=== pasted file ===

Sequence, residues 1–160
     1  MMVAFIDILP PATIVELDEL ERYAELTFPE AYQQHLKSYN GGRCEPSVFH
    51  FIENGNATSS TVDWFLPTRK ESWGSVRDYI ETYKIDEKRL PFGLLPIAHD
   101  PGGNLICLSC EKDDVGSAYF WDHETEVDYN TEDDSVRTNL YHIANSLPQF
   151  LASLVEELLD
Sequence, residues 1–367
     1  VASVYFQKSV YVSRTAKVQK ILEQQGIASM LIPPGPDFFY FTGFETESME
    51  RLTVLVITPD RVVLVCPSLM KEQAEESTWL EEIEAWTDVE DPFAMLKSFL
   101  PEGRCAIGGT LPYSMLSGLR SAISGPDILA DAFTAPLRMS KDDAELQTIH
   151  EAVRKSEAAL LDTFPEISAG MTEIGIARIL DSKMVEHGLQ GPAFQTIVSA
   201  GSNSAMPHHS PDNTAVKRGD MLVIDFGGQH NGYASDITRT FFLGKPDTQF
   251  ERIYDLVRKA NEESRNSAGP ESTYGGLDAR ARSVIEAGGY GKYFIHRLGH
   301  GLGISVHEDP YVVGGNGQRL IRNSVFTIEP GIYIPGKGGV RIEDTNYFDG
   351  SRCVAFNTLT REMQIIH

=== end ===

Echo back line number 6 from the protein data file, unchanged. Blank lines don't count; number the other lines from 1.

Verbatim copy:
Sequence, residues 1–367